1. 39. Adil Fahal AH, Ahmed ME. Postoperative Pyrexia. East Afr Med J
  2. 40. Fred J Hendler, Ahmed . Reverse transcription PCR in situ on cryopressed tissue sections. Chapter in a book to be published.

41.Ahmed ME, Elgizouli S, Suliman SH. Hashim FA, Abdin I, Ahmed HM, Elebeid E. The solitary thyroid nodule in Khartoum. Sudan Med J 1996;34: 13 - 16.

  1. 42. ElHadi EI AA, Ahmed ME. Treatment of diffuse non-toxic goitre with L-thyroxine. Sudan Med J 1996;34:9 - 12.
  2. 43. Abdel Rahim AA, Ahmed ME, Hassan MA. Respiratory complications after thyroidectomy. Brit J Surg 1999; 86:88 - 90.
  3. 44. Hamad K, Khidir Aida, Ahmed ME. Anaesthesia of a patient who underwent resection of small bowel leiomyosarcoma. Saudi Med J 1999;20 (4):322 - 3.
  4. 45. Ahmed ME, Shumo AE. A calculus with an anal fistula tract in a diabetic patient. Saudi Medical Journal 2001;22(2):17- -1.
  5. 46. Ahmed O ElNazeer, Ahmed ME. Presacral fibroma in a young laborer presenting with chronic lumbago. Case Report. Saudi Medical J 2002;23(6):746 – 47.
  6. 47. Ahmed EMO, Ahmed ME. Incidental mucinous cystadenocarcinoma of the appendix with pseudomyxoma peritoni in a diabetic hypoglycaemia. East Afr Med J 2001;78(9):483.
  7. 48. Alla`AH, Mahadi SI, ElHassan AM, Ahmed ME. A large giant cell tumour of the sacrum. Saudi Medical journal 2005;26(1):133 – 5.
  8. 49. Ballal MS, Hadi YS, Ahmed ME. Gastrograffin meal and follow through treating a male with adhesive small bowel obstruction. Saudi Medical J 2004;25(4):527.
  9. 50. E Abdin M, Ahmed ME. The Diabetic Foot, Significant decrease in rate of major lower limb amputation. Juba Medical Journal 2002;1(2): 96 – 100.
  10. 51. Ibrahim M,. Ahmed ME. Acute gangrene of the hand following accidental intra-arterial injection of phenergan. Arab Medical .J of The Arab Board of Medical Specialization 2001;3(3):66 – 68.
  11. 52. Zaki R, Ahmed EN, Ahmed ME. Frequently recurring myxoid liposarcoma. East Afr Med J 2002;79(3):133.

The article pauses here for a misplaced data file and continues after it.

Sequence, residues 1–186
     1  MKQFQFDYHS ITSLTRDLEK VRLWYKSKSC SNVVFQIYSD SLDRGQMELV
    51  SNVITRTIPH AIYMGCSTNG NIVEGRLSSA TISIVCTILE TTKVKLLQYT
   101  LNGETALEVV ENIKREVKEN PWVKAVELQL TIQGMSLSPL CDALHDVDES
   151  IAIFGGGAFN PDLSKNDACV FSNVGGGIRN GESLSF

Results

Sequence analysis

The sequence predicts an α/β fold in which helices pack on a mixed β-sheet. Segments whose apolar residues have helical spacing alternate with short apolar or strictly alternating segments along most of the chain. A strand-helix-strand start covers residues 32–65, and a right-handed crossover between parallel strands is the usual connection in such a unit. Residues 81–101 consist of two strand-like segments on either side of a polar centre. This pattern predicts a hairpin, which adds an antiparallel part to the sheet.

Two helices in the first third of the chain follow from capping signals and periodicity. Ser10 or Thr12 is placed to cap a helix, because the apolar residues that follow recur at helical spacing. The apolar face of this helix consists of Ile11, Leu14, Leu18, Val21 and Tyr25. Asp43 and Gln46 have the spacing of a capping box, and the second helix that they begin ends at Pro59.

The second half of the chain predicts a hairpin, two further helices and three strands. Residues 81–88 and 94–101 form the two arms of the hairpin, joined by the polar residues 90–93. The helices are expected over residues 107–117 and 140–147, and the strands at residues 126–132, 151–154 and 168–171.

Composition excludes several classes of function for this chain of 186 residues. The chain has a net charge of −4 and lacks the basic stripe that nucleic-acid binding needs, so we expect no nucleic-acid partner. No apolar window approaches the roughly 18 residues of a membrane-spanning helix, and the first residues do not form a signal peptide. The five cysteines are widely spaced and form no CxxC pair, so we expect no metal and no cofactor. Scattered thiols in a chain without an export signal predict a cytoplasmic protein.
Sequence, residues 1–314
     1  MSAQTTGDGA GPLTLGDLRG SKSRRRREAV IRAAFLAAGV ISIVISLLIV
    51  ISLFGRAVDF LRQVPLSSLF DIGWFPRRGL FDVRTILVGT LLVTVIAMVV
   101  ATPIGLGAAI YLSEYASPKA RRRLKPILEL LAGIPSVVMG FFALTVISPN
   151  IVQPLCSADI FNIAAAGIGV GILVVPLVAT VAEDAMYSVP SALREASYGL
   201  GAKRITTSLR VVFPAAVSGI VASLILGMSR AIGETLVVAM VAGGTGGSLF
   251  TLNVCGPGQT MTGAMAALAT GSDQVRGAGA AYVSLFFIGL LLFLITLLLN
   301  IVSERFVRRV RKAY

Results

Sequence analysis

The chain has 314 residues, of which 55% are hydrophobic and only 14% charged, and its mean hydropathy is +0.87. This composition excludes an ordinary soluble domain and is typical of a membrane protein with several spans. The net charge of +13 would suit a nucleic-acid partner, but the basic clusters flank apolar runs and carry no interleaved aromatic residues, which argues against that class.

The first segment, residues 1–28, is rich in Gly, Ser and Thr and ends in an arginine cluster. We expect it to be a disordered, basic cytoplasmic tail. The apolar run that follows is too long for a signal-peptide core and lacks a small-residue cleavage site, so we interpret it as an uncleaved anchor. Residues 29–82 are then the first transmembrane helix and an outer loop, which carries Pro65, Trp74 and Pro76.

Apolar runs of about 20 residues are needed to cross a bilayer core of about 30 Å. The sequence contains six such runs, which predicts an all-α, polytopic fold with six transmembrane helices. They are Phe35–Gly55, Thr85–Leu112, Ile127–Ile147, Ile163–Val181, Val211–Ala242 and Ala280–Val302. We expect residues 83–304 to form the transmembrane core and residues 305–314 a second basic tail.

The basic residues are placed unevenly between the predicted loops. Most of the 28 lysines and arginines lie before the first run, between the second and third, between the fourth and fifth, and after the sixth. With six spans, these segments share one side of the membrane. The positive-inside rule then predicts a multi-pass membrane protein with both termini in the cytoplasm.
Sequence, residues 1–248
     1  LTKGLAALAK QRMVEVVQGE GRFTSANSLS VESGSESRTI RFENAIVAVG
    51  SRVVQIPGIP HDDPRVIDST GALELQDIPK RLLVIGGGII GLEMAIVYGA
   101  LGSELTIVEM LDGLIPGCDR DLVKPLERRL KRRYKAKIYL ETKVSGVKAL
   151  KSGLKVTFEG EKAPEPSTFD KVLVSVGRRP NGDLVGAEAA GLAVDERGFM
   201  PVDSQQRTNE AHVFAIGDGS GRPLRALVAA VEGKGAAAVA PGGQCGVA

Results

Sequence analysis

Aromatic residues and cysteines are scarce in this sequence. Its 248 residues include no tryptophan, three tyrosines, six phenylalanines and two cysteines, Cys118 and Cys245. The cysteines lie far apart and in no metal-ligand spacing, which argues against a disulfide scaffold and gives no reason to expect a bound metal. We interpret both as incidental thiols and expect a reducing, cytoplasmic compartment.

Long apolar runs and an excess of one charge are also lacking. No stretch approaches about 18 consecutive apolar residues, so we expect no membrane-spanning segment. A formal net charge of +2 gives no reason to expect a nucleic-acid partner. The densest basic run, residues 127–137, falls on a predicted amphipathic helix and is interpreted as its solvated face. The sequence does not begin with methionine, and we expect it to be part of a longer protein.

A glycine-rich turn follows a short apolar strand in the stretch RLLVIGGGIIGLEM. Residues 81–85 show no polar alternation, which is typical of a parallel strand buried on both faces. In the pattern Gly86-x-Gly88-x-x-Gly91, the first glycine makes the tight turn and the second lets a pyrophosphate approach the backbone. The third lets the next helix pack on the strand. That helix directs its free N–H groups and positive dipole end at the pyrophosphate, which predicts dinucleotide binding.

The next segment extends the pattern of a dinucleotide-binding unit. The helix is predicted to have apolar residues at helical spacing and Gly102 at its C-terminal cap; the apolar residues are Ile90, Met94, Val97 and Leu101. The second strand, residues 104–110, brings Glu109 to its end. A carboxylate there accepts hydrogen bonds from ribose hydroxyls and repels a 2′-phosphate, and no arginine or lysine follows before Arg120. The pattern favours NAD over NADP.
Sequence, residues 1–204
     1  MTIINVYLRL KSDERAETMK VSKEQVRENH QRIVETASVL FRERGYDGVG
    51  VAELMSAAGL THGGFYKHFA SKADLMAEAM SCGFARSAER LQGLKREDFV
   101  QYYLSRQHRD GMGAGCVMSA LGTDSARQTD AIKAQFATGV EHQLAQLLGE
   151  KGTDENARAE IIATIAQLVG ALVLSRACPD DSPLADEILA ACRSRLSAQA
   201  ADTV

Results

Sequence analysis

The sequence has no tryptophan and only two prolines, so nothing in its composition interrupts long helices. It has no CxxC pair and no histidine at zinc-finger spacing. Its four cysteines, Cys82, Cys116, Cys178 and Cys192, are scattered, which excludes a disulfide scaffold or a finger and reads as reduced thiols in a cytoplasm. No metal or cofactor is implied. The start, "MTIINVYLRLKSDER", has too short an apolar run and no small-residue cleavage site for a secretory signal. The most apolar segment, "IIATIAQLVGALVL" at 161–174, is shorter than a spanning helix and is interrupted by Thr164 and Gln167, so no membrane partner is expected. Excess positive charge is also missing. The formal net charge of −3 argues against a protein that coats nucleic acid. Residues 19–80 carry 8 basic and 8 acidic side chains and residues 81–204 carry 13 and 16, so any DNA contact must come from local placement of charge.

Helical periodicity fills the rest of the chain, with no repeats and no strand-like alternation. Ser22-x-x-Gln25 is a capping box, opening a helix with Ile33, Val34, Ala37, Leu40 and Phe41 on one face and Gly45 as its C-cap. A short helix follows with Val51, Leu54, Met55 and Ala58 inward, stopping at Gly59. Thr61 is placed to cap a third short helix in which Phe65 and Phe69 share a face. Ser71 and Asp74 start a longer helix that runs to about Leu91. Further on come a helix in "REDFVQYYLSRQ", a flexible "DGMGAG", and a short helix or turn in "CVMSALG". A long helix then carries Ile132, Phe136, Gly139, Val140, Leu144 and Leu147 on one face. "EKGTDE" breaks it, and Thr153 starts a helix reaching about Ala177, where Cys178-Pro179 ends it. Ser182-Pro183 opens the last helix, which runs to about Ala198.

12. 53. Mahadi SI, ElHassan AM, Ahmed. Crohn’s disease masquerading carcinoma of the oesophagus. Saudi Medical J 2007;28(8):1287 – 8.
  13. 54. Ahmed ME, Ahmed EO, Mahadi SI. Retrosternal goiter : the need for median sternotomy. World Journal of Surgery 2007;30(11): 1945 – 8.
  14. 55. Baleela RM, Huessain MY, Ahmed ME. Anastomotic oesophageal leak due to Taenia saginata following oesophagectomy for oesophageal cancer. Saudi Med J 2006;27(2):241..
  15. 56. Ahmed MA, Baashar TM, Ahmed. Evaluation of palliative management of advanced breast cancer in Khartoum. Saud Med J 2006;26(7):1142 – 4.
  16. 57. ElRashied M, Widatalla AH, Ahmed ME. External strangulated hernia in Khartoum. East Afr Med J 2007,84(5): 103 – 07.
  17. 58. Mahadi SI, Derweesh AMA, Ahmed ME. Esophagobronchial fistula following injection sclerotherapy for esophageal varices. Endoscopy 2007, 39:E1.
  18. 59. Ahmed ElHassan, Lamyaa El Hassan, Hatim Mudawi, Bahaa Gasim, Ali Own, ElWWaleed ElAmin, Mohamed Ibn Ouf, Mohamed ElMakki Abdullah, Suleiman Fedail. Malignant gastric tumors in Sudan. A report from a single pathology center. Haematol Oncol Stem Cell Ther 2008;1(2):130 -2

60.Osama M Izeldin, Mohamed E Ahmed . Presentation of agenesis of hemidiaphragm in an adult. Saudi Medical J 2008;29 (3):1296 – 98.

  1. 61. ElHadi Mohamed ElBashier, Abu Bakr Hassan Widatalla , Mohamed ElMakki Ahmed . Tracheostomy with thyroidectomy:Indications, management and outcome. International Journal of Surgery 2008;6(2)147 –
  2. 62. Mahmoud SM, Mohamed AA, Mahdi SE, Ahmed ME. Split skin graft in the management of diabetic foot ulcers. Journal of Wound Care 2008;17(7):1-4.
  3. 63. Fikri M, Ahmed ME. Giant mesenteric cysts: A case report and review of the literature. Arab j Gastroenterology 2008;9(1):18 - 20.
  4. 64. Khairy GA. Guraya SY. Ahmed ME. Ahmed MA. Bilateral breast cancer. Incidence, diagnosis and histological patterns.[erratum appears in Saudi J. 2005 Aug;26(8):1316]. [Journal Article] Saudi Medical Journal. 26(4 Med):612-5, 2005 Apr.
  5. 65. ElFatih ElNagib, Seif ElDin I Mahadi, Ahmed ME. Perforated peptic ulcer in Khartoum. Khartoum Medical Journal 2008;1(2):62 – 64.
  6. 66. Sami ElYas, M E Ahmed. Surgical removal of perfume stopper impacted in the pharynx. Khartoum Medical Journal 2008;1(2):93 – 94. 67. Al-Laham R Yahya, ElMahadi M Ali, M E Ahmed. The risk factors for development of a diabetic foot in asymptomatic diabetics. Sudan Med J published 2008; 44(1,2,3):19 – 23.